Eleven Fifty Academy, the Indianapolis-based computer coding school that is in financial distress, is negotiating with Indiana Wesleyan University about a potential deal that, among other things, could lead to the university acquiring the coding school’s curriculum.
IBJ reported last month that the not-for-profit Eleven Fifty, co-founded in 2014 by tech entrepreneur Scott Jones, had been sued by a vendor for nonpayment and was facing claims related to unpaid wages. The school continues to serve its existing students through online classes but is not registering new students.
In mid-November, Jones told IBJ that the school had accepted bids, was “in negotiations with primary bidders” and expected to wrap up those negotiations within days.
“Indiana Wesleyan University is in contact and has been in discussions with Eleven Fifty Academy, but due to our confidentiality agreement, that’s about all I can say,” an Indiana Wesleyan spokesperson told IBJ on Thursday.
The negotiations include a potential acquisition of Eleven Fifty’s programs but are broader than that, the spokesperson said.
Jones declined to comment on a potential deal. “I am bound not to speak on that topic,” Jones told IBJ via text.
Eleven Fifty offers boot-camp-style coding and cybersecurity instruction, with the goal of launching students into tech careers without the need to earn a college degree.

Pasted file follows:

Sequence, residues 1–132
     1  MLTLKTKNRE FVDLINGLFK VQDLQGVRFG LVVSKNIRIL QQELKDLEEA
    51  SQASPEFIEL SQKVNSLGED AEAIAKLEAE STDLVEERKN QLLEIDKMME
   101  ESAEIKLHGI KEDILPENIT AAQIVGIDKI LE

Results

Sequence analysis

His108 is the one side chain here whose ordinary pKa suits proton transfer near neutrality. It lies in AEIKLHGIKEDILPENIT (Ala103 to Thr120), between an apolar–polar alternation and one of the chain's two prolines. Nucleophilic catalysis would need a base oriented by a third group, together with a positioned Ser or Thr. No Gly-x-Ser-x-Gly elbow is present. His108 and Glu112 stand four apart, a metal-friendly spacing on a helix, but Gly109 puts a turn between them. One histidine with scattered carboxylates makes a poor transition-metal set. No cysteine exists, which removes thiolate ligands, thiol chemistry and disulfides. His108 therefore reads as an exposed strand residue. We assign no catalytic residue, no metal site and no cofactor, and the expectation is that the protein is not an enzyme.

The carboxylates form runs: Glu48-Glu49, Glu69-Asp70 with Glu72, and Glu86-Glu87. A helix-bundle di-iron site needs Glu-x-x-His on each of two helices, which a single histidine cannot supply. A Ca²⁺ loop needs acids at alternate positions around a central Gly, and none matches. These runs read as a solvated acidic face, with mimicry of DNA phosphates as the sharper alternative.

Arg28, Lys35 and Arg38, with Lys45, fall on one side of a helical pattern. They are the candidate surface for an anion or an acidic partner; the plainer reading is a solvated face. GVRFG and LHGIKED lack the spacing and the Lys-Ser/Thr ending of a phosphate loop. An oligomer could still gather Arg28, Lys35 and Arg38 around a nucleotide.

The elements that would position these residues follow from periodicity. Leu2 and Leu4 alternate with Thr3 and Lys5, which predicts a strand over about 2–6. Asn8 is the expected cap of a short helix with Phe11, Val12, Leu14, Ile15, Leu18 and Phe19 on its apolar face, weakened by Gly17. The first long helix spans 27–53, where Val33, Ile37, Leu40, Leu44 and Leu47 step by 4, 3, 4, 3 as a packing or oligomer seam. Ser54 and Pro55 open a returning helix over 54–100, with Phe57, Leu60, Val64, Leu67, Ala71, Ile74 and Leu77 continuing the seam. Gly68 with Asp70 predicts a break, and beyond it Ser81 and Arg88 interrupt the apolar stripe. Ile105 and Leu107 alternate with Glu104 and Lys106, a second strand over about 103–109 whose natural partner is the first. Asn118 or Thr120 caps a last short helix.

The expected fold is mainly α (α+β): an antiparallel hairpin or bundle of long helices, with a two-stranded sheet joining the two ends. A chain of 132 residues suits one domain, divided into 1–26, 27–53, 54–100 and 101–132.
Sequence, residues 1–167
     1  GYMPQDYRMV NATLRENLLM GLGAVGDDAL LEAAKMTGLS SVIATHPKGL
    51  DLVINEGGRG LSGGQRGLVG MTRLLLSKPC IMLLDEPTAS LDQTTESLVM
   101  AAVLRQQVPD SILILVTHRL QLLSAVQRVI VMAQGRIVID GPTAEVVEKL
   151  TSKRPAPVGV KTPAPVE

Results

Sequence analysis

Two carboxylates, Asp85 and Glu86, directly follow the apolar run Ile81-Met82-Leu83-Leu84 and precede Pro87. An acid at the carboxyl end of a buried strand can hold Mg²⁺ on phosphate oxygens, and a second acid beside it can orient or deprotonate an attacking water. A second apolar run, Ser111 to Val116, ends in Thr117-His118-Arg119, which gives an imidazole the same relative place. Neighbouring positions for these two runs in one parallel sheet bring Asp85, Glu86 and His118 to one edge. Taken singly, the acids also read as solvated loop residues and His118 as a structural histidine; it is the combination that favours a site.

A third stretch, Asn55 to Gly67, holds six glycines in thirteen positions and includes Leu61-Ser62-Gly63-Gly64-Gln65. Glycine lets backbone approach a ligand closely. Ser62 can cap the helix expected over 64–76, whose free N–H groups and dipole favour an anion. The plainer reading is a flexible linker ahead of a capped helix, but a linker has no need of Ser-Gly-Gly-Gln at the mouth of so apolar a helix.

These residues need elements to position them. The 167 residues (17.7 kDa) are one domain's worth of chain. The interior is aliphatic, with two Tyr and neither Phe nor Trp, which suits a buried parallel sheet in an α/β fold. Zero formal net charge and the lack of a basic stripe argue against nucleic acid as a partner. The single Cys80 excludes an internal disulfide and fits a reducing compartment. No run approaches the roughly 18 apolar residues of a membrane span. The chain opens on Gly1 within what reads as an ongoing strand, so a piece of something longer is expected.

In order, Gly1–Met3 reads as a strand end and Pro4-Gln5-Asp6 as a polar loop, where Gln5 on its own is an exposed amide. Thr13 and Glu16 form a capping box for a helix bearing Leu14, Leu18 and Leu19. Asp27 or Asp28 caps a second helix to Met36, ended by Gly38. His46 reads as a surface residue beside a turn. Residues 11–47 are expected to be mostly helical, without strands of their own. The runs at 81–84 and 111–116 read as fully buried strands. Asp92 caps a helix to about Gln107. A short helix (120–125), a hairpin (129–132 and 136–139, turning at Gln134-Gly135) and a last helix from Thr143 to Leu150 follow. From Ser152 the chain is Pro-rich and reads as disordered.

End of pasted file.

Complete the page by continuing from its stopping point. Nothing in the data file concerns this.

Indiana Wesleyan is a private university with its main campus in Marion. It offers associate, bachelor’s, master’s and doctoral degrees as well as certificates that can be earned through in-person or online instruction.
The school also offers adult and graduate programs at 11 regional education centers in Indiana, Ohio and Kentucky. In Indiana, those sites are in Indianapolis, Greenwood, Marion, Kokomo, Fort Wayne and Merrillville. The Ohio sites are in Cincinnati, Cleveland and Dayton; and the Kentucky sites are in Florence and Louisville.
Jones, who is credited with creating key technology behind voice mail and digital music sharing, cofounded Eleven Fifty with the goal of helping students acquire computer coding and cybersecurity skills in as little as a few months, quickly positioning them for tech jobs.
Jones told IBJ last month that Eleven Fifty scaled up rapidly in 2020 in response to the pandemic. But more recently, the school has struggled with financial difficulties. In January, it laid off many of its employees. In July, the human-resources provider TriNet filed suit, claiming the school owed it $197,521 for services rendered.
And as of this month, 11 former Eleven Fifty employees had filed wage claims with the Department of Labor. According to the Department of Labor, students said they had started missing paychecks as early as Aug. 1, with varying amounts of wages owed to them. One claimant said she was owed more than $20,700. The smallest-dollar claim was for $2,816.